The draft legislation had gone too far by restricting not only the sale of houses, but also all residential land to overseas persons, "not just overseas speculators", the council says.
Its members contribute $29.8 billion to the economy in gross domestic product, the submission says, and the bill could have "adverse and unintended consequences which could hinder the Government's wider objective of enabling more houses to be built."
Large-scale housing developments require capital, which often includes foreign investment, "crucial given the limitations of New Zealand's small capital market".
Few New Zealand-domiciled companies have the scale or capability to undertake large-scale residential developments, the council says.
Although the council does not specifically name the company, Fletcher Building and its subsidiaries are regular applicants to the OIO, due to Fletcher's many overseas investors.
Fletcher is building residences on various sites — the former Three Kings quarry, at Beachlands in southeast Auckland, Hobsonville Point, Karaka, Kowhai Ridge off the northwestern motorway, Ormiston, where a new town centre is being created, Red Beach near Orewa, Stonefields in the Mt Wellington/St Johns area, Swanson, Waiata Shores and Totara Heights near the Manukau Harbour, Whenuapai and in Christchurch.
Fletcher refused to supply a copy of its submission, saying it "would not step outside the process". Submissions are expected to be released next Wednesday.
Leonie Freeman, a housing strategist who has worked in both the private and public sectors, supports the bill, although she has questions about the detail and says the new law is just one measure.
"The law won't solve all the problems. It won't drop house prices and we know that from Australia," she says.
"We've got to put more innovative ideas and products in place, have a certainty of supply from the public sector so businesses can scale up, sort out consenting processes with councils, deal with the construction industry's shortage of capability and capacity, set a vision that everyone gets behind in terms of goals and targets and unblock all the blockages we've got in the process of house building," Freeman says.
"We need to change people's thinking; it's a wider cultural shift. If we want more affordable houses, we have to accept greater density."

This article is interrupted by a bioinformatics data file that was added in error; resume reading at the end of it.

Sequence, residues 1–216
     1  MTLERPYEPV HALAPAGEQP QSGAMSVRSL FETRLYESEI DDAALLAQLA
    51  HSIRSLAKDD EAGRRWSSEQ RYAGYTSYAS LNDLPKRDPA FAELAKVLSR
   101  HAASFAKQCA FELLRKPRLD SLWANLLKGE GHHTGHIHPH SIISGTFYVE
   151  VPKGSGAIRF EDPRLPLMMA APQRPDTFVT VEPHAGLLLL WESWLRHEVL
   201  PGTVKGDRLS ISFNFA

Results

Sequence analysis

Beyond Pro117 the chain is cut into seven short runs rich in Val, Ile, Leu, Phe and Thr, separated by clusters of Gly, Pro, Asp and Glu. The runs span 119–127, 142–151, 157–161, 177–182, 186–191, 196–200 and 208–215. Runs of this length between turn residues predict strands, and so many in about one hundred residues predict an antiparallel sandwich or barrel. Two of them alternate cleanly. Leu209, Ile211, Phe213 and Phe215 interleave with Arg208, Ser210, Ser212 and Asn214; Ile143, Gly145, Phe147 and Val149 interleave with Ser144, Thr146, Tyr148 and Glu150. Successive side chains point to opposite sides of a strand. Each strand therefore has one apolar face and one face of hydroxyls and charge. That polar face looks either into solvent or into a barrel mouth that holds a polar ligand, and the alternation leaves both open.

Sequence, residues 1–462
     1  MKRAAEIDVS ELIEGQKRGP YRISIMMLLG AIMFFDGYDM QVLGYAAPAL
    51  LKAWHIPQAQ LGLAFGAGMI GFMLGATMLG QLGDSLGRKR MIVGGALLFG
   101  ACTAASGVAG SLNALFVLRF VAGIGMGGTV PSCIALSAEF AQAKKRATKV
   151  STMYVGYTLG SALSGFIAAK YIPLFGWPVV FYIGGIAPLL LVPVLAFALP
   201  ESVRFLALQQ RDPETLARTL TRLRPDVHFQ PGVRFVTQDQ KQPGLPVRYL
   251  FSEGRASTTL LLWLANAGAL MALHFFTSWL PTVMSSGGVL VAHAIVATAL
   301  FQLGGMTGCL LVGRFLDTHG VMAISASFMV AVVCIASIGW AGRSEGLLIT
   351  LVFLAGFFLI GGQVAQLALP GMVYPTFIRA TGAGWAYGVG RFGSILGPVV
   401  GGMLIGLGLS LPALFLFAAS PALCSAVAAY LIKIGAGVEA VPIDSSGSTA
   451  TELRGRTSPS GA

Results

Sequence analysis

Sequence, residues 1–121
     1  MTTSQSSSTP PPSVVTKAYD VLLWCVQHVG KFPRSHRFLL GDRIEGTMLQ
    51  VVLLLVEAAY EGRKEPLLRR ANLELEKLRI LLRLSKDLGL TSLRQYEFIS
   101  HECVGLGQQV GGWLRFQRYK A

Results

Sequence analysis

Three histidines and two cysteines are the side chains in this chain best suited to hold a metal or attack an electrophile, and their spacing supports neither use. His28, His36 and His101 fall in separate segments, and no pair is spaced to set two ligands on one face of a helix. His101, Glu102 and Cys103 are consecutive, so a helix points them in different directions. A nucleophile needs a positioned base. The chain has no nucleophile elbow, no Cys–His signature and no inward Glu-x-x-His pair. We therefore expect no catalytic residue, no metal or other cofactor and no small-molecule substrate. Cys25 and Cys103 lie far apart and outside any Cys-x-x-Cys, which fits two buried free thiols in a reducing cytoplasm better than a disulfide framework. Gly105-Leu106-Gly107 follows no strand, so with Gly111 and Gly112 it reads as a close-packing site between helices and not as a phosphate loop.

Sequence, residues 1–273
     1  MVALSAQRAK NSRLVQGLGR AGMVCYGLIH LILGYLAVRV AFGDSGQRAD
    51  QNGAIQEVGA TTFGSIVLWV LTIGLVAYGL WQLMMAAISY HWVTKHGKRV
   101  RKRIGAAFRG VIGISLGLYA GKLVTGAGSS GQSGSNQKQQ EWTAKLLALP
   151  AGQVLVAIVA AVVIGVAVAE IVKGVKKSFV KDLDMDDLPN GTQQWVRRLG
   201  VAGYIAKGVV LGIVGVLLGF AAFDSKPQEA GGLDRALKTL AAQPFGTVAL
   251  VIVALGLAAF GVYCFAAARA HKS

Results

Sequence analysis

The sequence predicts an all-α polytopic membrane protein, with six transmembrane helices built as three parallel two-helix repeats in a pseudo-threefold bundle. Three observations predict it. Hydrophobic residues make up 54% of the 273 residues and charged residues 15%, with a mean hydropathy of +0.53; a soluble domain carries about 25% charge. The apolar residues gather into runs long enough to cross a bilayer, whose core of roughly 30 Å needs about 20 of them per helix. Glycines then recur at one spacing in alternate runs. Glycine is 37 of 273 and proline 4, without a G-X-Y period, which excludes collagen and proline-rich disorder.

National leader Bill English told Radio Live's Duncan Garner on Tuesday that he believed the existing measures had been adequate. How trading partners would react to a more restrictive regime was uncertain, he said, pointing out that the planned regime would be far more restrictive than rules in Australia or Singapore.
National has opposed the bill and the shortening of the consultation process. The Opposition said it was a technical piece of legislation and the public needed time to read and understand the changes so they could make relevant submissions.
The Government wants the bill passed before a possible signing of the Comprehensive and Progressive Agreement for Trans-Pacific Partnership (CPTPP), which is scheduled to be signed on March 8.
David Parker, the Associate Finance Minister who is in charge of the bill, says this has meant the select committee process had to be shortened. If New Zealand signed up to the trade deal without first passing the legislation, the CPTPP provisions allowing foreign investment could then affect other trade agreements.
Parker said that would effectively take away the right to limit foreign property purchases.
When the bill passed its first reading last month, he lashed out at the previous regime.
"National said we could not do this but we did. They said we had to choose between trade agreements and controlling our housing market and we have shown that was wrong. They were either being incompetent or disingenuous — probably both," Parker said.